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hum

[huhm]
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verb (used without object), hummed, hum·ming.
  1. to make a low, continuous, droning sound.
  2. to give forth an indistinct sound of mingled voices or noises.
  3. to utter an indistinct sound in hesitation, embarrassment, dissatisfaction, etc.; hem.
  4. to sing with closed lips, without articulating words.
  5. to be in a state of busy activity: The household hummed in preparation for the wedding.
  6. British Slang. to have a bad odor, as of stale perspiration.
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verb (used with object), hummed, hum·ming.
  1. to sound, sing, or utter by humming: to hum a tune.
  2. to bring, put, etc., by humming: to hum a child to sleep.
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noun
  1. the act or sound of humming; an inarticulate or indistinct murmur; hem.
  2. Audio. an unwanted low-frequency sound caused by power-line frequencies in any audio component.
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interjection
  1. (an inarticulate sound uttered in contemplation, hesitation, dissatisfaction, doubt, etc.)
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Origin of hum

1300–50; Middle English; ultimately imitative; cognate with German hummen to hum; cf. humblebee
Related formsun·der·hum, noun

Synonyms

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5. bustle, buzz.
Dictionary.com Unabridged Based on the Random House Unabridged Dictionary, © Random House, Inc. 2018

Examples from the Web for hum

Contemporary Examples

Historical Examples

  • "Hum," remarked Uncle Peter, in a tone to be noticed for its extreme dryness.

    The Spenders

    Harry Leon Wilson

  • He heard the hum and clang of an electric car off through a chestnut grove.

    The Spenders

    Harry Leon Wilson

  • I don't quite think myself a lady-killer: by George, my—hum!

    Weighed and Wanting

    George MacDonald

  • The Sunday landscape was very still, save for the hum of busy insect life.

    K

    Mary Roberts Rinehart

  • The bystanders did, and a hum of curiosity circled round; who could they be?

    Night and Morning, Complete

    Edward Bulwer-Lytton


British Dictionary definitions for hum

hum

verb hums, humming or hummed
  1. (intr) to make a low continuous vibrating sound like that of a prolonged m
  2. (intr) (of a person) to sing with the lips closed
  3. (intr) to utter an indistinct sound, as in hesitation; hem
  4. (intr) informal to be in a state of feverish activity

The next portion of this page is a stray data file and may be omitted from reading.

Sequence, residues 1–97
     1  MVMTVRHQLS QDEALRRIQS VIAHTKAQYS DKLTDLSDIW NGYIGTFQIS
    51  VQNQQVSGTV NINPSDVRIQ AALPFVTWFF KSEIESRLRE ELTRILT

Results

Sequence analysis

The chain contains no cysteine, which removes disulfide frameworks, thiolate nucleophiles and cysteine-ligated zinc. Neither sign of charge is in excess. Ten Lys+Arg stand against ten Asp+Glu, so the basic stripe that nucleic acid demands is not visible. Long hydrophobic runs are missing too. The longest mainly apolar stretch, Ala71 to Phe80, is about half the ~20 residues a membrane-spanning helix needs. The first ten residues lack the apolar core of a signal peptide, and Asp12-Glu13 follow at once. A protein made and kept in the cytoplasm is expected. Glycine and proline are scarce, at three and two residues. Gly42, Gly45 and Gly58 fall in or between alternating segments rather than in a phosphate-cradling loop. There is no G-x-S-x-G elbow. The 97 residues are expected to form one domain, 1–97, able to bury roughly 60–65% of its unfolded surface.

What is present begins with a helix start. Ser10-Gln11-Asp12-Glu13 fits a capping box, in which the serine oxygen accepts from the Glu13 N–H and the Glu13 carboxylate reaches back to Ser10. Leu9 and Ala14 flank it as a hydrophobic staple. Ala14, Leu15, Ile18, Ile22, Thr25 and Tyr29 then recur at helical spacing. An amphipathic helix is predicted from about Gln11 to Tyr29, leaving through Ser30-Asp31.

5. (intr) British and Irish slang to smell unpleasant
  6. (intr) Australian slang to scrounge
  7. hum and haw See hem 2 (def. 3)
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noun
  1. a low continuous murmuring sound
  2. electronics an undesired low-frequency noise in the output of an amplifier or receiver, esp one caused by the power supply
  3. Australian slang a scrounger; cadger
  4. British and Irish slang an unpleasant odour
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interjection, noun
  1. an indistinct sound of hesitation, embarrassment, etc; hem
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Derived Formshummer, noun

Word Origin

C14: of imitative origin; compare Dutch hommelen, Old High German humbal bumblebee
Collins English Dictionary - Complete & Unabridged 2012 Digital Edition © William Collins Sons & Co. Ltd. 1979, 1986 © HarperCollins Publishers 1998, 2000, 2003, 2005, 2006, 2007, 2009, 2012

Word Origin and History for hum

v.

late 14c., hommen "make a murmuring sound to cover embarrassment," later hummen "to buzz, drone" (early 15c.), probably of imitative origin. Sense of "sing with closed lips" is first attested late 15c.; that of "be busy and active" is 1884, perhaps on analogy of a beehive. Related: Hummed; humming. Humming-bird (1630s) so called from sound made by the rapid vibration of its wings.

There is a curious bird to see to, called a humming bird, no bigger then a great Beetle. [Thomas Morton, "New English Canaan," 1637]
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n.

mid-15c., from hum (v.).

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Online Etymology Dictionary, © 2010 Douglas Harper

hum in Medicine

hum

(hŭm)
n.
  1. A low, continuous murmur blended of many sounds.
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The American Heritage® Stedman's Medical Dictionary Copyright © 2002, 2001, 1995 by Houghton Mifflin Company. Published by Houghton Mifflin Company.